Chaos, Insecurity in Registration Center in Greece: Watch
Oct.12, Athens: Poor organization and a lack of personnel is creating chaos and insecurity at a police registration center and surrounding informal camp for asylum seekers and migrants on the Greek island of Lesbos, Human Rights Watch said.
In a visit to Lesbos on October 4 and 5, 2015, HRW found that women with young children, pregnant women, and people with disabilities or medical conditions are often not identified as vulnerable groups nor ensured that they can register and get proper access to basic services such as food and health care.
“After months with huge numbers of people arriving in Lesbos, the authorities still don’t have an effective system for registering people so that they can travel onward,” said Eva Cossé, Greece specialist. “This is causing unnecessary security problems for the police and hardship for asylum seekers and migrants, especially for women and children and people with disabilities who can’t force their way to the head of the registration line.”
Registration is an administrative police procedure separate from applying for asylum. Virtually no one applies for asylum on Lesbos, though it is allowed. Regardless of nationality, almost all continue their journey to other EU countries to apply for asylum. Many hope to reunite with family members.
It is appalling to see children with medical conditions and disabilities lying in the dirt as flies buzz around their eyes. The authorities should coordinate with humanitarian groups to ensure that people with particular needs are identified quickly and ensured access to the registration process and unhindered access to doctors.
HRW staff witnessed the confusion and tension at the Moria registration center created by the numbers of people and lack of information and interpreters. Aid workers and police at the center said that procedures have changed several times, generating more uncertainty.
The lack of an orderly system, including the lack of interpreters and an effective communications system, combined with people’s desperation to move on, has created a volatile situation, with information traveling by word of mouth and large numbers converging in a short space of time. HRW witnessed violent disorder on October 4, which left one man briefly unconscious. Police in riot gear used tear gas to control an unruly crowd desperate to register.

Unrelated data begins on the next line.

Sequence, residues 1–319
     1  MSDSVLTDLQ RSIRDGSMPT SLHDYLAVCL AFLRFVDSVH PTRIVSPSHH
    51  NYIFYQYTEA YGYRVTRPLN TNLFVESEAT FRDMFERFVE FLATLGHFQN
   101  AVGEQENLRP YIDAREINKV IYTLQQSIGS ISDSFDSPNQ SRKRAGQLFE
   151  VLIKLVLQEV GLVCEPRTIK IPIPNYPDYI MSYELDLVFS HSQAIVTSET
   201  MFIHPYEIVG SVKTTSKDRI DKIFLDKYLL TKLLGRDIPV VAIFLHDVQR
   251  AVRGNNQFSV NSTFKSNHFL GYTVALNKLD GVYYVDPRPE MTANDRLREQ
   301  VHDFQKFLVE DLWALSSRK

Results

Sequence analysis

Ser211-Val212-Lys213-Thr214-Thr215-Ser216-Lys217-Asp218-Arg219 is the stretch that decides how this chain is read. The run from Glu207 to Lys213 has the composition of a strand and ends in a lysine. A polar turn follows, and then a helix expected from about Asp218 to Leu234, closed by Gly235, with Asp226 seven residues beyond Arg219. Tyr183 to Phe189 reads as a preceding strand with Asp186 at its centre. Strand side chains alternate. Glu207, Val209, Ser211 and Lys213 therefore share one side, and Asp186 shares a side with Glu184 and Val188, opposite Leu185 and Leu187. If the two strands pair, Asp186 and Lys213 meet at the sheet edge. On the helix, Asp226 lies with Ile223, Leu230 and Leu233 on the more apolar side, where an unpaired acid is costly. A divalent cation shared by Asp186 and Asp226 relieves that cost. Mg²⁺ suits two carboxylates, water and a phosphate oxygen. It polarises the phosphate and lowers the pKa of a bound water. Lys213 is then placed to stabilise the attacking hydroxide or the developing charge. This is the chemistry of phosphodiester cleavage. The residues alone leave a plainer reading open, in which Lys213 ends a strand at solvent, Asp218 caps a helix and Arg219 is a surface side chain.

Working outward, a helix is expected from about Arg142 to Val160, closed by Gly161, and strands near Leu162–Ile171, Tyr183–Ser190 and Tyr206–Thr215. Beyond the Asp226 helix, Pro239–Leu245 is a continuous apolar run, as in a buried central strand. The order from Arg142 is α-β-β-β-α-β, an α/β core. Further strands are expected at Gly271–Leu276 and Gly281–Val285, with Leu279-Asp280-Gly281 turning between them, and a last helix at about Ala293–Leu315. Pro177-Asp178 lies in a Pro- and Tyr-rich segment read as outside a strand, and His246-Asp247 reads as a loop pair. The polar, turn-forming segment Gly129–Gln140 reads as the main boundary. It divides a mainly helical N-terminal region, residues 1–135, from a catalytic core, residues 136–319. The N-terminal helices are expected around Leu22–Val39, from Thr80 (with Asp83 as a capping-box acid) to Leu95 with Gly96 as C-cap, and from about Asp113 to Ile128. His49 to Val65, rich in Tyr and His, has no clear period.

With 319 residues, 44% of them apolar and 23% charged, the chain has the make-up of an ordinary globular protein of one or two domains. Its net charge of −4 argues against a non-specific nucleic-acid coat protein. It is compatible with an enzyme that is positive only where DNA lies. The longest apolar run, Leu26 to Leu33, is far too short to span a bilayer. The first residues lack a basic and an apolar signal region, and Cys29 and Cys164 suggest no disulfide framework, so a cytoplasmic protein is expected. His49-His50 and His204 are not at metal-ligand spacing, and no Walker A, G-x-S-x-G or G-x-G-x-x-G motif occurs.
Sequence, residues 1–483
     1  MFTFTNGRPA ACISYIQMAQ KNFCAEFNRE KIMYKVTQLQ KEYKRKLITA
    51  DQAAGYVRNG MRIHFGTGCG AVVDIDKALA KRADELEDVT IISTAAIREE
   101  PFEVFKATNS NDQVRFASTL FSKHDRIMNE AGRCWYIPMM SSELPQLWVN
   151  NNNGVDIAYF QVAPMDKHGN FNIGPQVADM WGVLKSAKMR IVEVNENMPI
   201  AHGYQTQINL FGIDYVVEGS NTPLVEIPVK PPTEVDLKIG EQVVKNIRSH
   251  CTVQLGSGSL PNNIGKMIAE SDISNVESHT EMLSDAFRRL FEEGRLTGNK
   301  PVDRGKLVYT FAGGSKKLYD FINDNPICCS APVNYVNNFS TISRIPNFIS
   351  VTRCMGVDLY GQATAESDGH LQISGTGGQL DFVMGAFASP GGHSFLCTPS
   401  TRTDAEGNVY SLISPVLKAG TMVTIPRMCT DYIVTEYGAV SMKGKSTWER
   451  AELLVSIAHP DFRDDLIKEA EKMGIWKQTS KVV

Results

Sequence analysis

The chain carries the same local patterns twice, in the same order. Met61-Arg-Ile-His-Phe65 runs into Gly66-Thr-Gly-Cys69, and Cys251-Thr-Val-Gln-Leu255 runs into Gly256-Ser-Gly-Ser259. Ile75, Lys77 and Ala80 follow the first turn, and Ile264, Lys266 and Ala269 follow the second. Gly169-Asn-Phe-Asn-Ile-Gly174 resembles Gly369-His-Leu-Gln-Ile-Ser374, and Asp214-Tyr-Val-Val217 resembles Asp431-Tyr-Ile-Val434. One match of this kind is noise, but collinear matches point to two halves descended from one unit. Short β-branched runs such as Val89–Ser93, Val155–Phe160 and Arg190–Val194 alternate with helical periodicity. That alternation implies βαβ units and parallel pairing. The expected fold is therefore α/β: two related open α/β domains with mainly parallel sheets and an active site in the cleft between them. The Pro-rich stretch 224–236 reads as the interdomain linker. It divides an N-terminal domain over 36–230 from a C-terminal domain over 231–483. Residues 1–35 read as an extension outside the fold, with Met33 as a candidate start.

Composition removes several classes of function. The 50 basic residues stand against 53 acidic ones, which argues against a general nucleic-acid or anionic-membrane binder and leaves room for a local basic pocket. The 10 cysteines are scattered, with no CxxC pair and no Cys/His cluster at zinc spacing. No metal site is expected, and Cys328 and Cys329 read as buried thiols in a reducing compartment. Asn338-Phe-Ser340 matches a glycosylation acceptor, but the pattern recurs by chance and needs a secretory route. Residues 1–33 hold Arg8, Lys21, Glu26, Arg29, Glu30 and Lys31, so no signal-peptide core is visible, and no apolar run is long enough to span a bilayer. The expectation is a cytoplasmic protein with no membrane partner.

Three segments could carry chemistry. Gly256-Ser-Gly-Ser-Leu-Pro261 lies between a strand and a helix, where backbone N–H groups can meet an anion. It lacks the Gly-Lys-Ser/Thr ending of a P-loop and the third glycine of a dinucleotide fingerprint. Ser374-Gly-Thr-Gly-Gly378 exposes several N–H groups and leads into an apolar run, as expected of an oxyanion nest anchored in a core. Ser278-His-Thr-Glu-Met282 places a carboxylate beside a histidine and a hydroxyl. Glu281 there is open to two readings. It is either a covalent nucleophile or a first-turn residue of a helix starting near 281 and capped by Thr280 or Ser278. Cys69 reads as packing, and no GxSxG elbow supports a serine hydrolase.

The authorities have said that people with special vulnerabilities are entitled to priority in the registration procedure, but people are not aware of this, and the police appear to have no system in place nor to make any effort to identify these groups.
“There is no planning,” one Iranian man told us, “How can they do this?”
Conditions in the makeshift camp are abysmal. UNHCR, the UN refugee agency, and other humanitarian groups have provided tents but hygienic conditions are very poor. Many people sleep outdoors, on the dirt or on little more than a blanket on the ground. There is no separation of women and children from unrelated men, raising concerns about the risk of sexual harassment and violence.
Adee, a Somali woman traveling alone with her four young children, said she was scared to be surrounded by so many men. The night before we spoke, she had awakened to find a man with his legs over her 7-year-old daughter’s body. There is no established mechanism for reporting such incidents.
“It is appalling to see children with medical conditions and disabilities lying in the dirt as flies buzz around their eyes,” Cossé said. “The authorities should coordinate with humanitarian groups to ensure that people with particular needs are identified quickly and ensured access to the registration process and unhindered access to doctors.”
Although the makeshift camp around the Moria registration center is informal, the authorities have an obligation to ensure adequate first reception facilities as people await a necessary police procedure, and to take special measures to protect women and children, as well as to identify people with particular vulnerabilities.
The registration process should be organized to ensure separation of families with children, and women traveling alone, from single men. Appropriately trained police officers or other civil servants – including women – should be deployed at the entrance to the informal camp and should walk through the camp to identify groups in need of special services, including families with young children, pregnant women, persons with disabilities, the elderly, and the ill.
The informal camp is a de facto reception center, and the authorities should ensure appropriate conditions and services, including the separation of families and single women from unrelated adult men. Female staff members should be available at the center, and all staff members should be trained to respond to reported cases of sexual and gender-based violence.
The Greek authorities, working in close coordination with humanitarian organizations, should adopt measures to ensure the safety and rights of all migrants and asylum seekers. There is a clear need for more information, and for the information to be communicated in a timely manner and in relevant languages.
A loudspeaker system throughout the camp could give people important information about the procedure, where people should stand, and make announcements about scheduled food distribution and where to seek medical care. The police guarding the doors should have interpreters with them as much as possible. Additional staff to conduct registration would help process people more quickly.
“It’s a tough situation for everyone at Moria camp, and there are no perfect solutions,” Cossé said. “But the authorities should do a lot more to guarantee safety and basic rights for the thousands of people there, without forgetting that some of them need special attention.”
The Oslo Times/HRW